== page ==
Chemical causes of the typical burnt smell after accidental fires

Heitmann, Katharina; Wichmann, Hubertus; Bahadir, Müfit
November 2009
Analytical & Bioanalytical Chemistry;Nov2009, Vol. 395 Issue 6, p1853
Academic Journal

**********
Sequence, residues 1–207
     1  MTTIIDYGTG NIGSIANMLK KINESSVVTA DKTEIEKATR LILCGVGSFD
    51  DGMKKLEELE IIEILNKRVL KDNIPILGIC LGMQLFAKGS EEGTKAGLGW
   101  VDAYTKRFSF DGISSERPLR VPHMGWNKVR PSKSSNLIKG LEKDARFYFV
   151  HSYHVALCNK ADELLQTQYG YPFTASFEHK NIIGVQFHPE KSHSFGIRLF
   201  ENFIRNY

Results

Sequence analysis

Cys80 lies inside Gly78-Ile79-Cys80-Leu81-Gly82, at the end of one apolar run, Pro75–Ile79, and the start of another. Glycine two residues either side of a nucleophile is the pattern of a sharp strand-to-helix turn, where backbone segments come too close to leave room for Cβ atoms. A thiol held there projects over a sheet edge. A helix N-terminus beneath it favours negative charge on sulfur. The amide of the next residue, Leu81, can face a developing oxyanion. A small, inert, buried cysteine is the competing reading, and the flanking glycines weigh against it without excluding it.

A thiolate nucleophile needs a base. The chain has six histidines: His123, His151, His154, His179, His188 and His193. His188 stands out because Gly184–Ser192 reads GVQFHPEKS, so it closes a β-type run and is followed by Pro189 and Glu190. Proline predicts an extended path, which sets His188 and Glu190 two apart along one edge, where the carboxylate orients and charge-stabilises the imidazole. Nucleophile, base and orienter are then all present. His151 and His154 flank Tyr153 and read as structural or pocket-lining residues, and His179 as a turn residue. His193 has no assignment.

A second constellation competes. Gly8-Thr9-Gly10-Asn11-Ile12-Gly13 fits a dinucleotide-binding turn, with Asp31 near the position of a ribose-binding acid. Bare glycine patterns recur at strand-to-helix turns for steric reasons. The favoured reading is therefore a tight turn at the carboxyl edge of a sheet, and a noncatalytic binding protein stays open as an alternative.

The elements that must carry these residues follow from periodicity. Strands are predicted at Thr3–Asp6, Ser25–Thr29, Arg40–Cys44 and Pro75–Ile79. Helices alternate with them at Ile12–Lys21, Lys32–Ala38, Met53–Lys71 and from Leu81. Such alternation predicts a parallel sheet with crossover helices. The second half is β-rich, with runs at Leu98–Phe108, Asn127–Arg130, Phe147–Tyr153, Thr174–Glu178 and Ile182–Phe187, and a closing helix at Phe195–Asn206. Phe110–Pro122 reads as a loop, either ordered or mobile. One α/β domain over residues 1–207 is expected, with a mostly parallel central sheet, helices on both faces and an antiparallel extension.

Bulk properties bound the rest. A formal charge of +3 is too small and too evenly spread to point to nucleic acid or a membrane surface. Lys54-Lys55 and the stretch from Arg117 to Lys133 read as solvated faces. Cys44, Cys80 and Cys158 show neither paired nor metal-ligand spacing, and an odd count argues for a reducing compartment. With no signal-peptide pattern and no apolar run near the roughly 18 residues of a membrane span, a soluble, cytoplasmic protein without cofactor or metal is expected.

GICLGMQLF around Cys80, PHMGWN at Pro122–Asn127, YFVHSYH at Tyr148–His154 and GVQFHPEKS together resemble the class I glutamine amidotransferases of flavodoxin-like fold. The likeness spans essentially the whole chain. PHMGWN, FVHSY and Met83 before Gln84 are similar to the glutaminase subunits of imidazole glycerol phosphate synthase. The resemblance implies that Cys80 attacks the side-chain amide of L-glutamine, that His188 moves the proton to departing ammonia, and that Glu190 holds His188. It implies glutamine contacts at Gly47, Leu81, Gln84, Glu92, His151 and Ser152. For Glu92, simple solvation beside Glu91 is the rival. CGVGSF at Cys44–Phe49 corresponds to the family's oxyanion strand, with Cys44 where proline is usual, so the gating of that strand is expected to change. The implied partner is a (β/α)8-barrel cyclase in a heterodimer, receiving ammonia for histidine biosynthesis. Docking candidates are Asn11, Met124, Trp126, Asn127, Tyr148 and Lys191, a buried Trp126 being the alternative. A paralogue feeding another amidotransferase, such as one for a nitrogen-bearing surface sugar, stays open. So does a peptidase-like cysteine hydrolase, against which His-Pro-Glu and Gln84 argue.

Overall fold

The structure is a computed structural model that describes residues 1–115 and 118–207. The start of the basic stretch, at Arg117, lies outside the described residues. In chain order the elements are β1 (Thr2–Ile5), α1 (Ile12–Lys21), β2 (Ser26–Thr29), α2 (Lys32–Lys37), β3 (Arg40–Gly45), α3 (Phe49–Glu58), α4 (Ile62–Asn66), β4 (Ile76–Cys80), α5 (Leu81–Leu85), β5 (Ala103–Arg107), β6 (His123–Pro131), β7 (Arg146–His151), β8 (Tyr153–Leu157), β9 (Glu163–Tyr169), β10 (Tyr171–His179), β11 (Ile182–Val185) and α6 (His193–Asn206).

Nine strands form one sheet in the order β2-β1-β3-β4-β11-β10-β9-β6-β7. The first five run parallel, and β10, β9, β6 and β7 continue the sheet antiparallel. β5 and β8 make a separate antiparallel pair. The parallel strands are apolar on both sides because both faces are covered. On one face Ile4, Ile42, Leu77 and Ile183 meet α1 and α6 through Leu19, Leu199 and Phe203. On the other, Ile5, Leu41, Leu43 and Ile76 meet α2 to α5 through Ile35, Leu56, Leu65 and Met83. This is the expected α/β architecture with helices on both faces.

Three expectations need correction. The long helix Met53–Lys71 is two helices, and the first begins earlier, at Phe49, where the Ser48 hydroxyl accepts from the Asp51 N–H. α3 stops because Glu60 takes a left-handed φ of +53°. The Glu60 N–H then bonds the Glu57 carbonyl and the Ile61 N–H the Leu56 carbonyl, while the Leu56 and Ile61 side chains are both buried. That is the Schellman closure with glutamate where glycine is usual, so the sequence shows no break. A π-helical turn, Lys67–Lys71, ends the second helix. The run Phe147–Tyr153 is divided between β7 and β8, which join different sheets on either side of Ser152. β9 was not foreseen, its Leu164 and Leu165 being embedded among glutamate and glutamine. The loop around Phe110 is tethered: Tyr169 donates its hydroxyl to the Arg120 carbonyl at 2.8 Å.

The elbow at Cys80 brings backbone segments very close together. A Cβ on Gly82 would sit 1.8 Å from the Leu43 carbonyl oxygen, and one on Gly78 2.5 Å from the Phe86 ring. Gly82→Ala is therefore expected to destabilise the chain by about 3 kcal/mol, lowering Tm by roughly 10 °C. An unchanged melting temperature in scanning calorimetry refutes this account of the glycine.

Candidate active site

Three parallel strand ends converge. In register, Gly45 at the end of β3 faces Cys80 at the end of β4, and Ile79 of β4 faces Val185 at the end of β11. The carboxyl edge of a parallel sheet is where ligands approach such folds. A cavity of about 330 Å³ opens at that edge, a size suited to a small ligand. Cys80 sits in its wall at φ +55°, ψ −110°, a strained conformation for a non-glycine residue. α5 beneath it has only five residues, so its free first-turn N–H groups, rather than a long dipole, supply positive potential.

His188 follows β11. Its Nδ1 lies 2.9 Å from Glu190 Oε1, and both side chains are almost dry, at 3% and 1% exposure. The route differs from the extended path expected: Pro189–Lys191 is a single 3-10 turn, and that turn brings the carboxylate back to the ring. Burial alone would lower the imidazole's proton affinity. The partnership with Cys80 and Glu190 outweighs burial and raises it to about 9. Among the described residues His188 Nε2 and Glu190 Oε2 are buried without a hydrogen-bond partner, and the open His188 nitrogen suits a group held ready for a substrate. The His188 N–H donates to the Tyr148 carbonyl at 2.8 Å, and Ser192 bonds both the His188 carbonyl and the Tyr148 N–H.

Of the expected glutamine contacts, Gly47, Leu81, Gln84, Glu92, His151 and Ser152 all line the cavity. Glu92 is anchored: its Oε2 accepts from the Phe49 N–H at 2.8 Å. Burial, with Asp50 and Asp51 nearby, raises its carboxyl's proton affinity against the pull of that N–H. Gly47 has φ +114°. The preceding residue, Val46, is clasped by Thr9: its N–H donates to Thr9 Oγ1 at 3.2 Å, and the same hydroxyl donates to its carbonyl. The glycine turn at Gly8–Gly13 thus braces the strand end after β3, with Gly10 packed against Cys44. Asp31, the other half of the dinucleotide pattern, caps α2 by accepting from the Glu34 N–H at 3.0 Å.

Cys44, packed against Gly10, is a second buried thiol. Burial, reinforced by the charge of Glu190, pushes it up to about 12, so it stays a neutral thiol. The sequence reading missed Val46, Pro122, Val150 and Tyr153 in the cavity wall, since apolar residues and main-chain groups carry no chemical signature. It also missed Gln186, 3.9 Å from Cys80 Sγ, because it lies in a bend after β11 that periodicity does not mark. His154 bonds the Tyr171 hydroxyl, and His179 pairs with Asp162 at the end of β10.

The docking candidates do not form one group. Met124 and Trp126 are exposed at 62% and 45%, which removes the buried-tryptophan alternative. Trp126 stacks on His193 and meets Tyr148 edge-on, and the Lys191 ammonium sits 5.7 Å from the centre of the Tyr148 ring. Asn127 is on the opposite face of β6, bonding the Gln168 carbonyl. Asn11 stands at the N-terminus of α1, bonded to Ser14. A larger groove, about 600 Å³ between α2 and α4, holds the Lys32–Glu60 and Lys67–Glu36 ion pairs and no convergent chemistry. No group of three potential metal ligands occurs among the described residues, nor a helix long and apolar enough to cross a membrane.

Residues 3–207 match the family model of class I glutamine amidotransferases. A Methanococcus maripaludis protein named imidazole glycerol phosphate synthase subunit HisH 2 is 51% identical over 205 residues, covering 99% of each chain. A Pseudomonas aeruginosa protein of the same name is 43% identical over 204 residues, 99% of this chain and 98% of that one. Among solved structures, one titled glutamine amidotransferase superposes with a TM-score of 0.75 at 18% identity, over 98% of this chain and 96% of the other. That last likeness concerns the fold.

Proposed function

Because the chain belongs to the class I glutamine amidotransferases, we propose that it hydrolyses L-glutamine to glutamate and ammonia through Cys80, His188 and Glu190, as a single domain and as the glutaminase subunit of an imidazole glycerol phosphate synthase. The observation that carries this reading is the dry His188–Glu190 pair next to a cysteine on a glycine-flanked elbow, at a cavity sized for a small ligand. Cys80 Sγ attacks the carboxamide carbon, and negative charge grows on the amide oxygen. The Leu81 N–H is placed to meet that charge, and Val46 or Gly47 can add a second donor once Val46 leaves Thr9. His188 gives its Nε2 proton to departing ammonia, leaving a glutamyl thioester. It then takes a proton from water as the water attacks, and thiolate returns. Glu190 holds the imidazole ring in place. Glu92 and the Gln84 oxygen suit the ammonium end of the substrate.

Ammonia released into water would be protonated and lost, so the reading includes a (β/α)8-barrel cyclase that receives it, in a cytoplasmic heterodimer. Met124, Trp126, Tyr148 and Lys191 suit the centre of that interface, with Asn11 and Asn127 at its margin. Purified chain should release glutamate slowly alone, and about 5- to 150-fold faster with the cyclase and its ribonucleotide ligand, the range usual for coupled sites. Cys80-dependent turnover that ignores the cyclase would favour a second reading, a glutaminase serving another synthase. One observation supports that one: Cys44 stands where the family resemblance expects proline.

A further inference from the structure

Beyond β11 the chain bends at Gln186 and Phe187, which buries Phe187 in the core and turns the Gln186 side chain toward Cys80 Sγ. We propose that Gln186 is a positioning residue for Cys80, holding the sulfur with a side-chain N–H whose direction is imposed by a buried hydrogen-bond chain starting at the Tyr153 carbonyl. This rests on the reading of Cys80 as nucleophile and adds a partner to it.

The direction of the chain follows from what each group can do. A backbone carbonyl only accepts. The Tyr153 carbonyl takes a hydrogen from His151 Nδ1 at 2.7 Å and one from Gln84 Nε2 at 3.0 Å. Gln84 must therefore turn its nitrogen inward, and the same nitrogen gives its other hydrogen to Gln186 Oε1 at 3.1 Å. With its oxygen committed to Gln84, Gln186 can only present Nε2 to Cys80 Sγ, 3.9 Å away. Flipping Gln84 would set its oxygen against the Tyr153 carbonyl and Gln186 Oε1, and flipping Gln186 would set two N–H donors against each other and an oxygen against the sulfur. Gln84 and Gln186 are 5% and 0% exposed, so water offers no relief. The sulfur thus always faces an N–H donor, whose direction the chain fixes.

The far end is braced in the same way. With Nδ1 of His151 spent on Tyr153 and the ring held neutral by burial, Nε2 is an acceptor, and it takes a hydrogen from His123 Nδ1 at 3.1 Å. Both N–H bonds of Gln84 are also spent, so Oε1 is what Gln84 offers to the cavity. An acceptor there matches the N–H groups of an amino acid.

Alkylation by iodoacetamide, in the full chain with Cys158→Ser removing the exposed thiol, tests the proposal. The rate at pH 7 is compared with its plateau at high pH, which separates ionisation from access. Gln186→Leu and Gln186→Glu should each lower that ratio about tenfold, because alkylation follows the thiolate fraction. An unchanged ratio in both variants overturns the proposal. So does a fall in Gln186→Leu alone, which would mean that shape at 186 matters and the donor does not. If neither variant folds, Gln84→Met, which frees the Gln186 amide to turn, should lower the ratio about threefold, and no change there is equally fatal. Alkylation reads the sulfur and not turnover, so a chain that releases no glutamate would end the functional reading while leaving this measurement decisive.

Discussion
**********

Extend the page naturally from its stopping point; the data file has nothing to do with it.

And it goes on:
The components responsible for the typical burnt smell that occurs after accidental fires (e.g. in buildings) were identified. For this purpose, samples of odorous materials were taken from different real fire sites. Their volatile fractions were analysed by means of thermal desorption, headspace analysis and solid-phase microextraction (SPME) combined with gas chromatography–mass spectrometry (GC/MS). Measurements performed with SPME gave the highest number of analytes as well as the highest signal intensities. A divinylbenzene/carboxen/polydimethylsiloxane SPME fibre was found to be the most suitable for this task. To distinguish the odour-active compounds from the ca. 1,400 identified volatiles concentrated by SPME, an olfactory detection port was attached to the GC/MS and the column effluent was assessed by panellists. The results revealed that eleven odorous compounds were present in most of the investigated samples: acetophenone, benzyl alcohol, 4-ethyl-2-methoxyphenol, 2-hydroxybenzaldehyde, 2-hydroxy-5-methylbenzldehyde, 2-methoxyphenol, 2-methoxy-4-methylphenol, 2-methylphenol, 3-methylphenol, 4-methylphenol and naphthalene. Their odour activities were confirmed in additional olfactory experiments, and the relative ratios of these eleven compounds were determined. Based on these ratios, standard solutions that presented an intense odour with typical characteristics of the burnt smell were produced.


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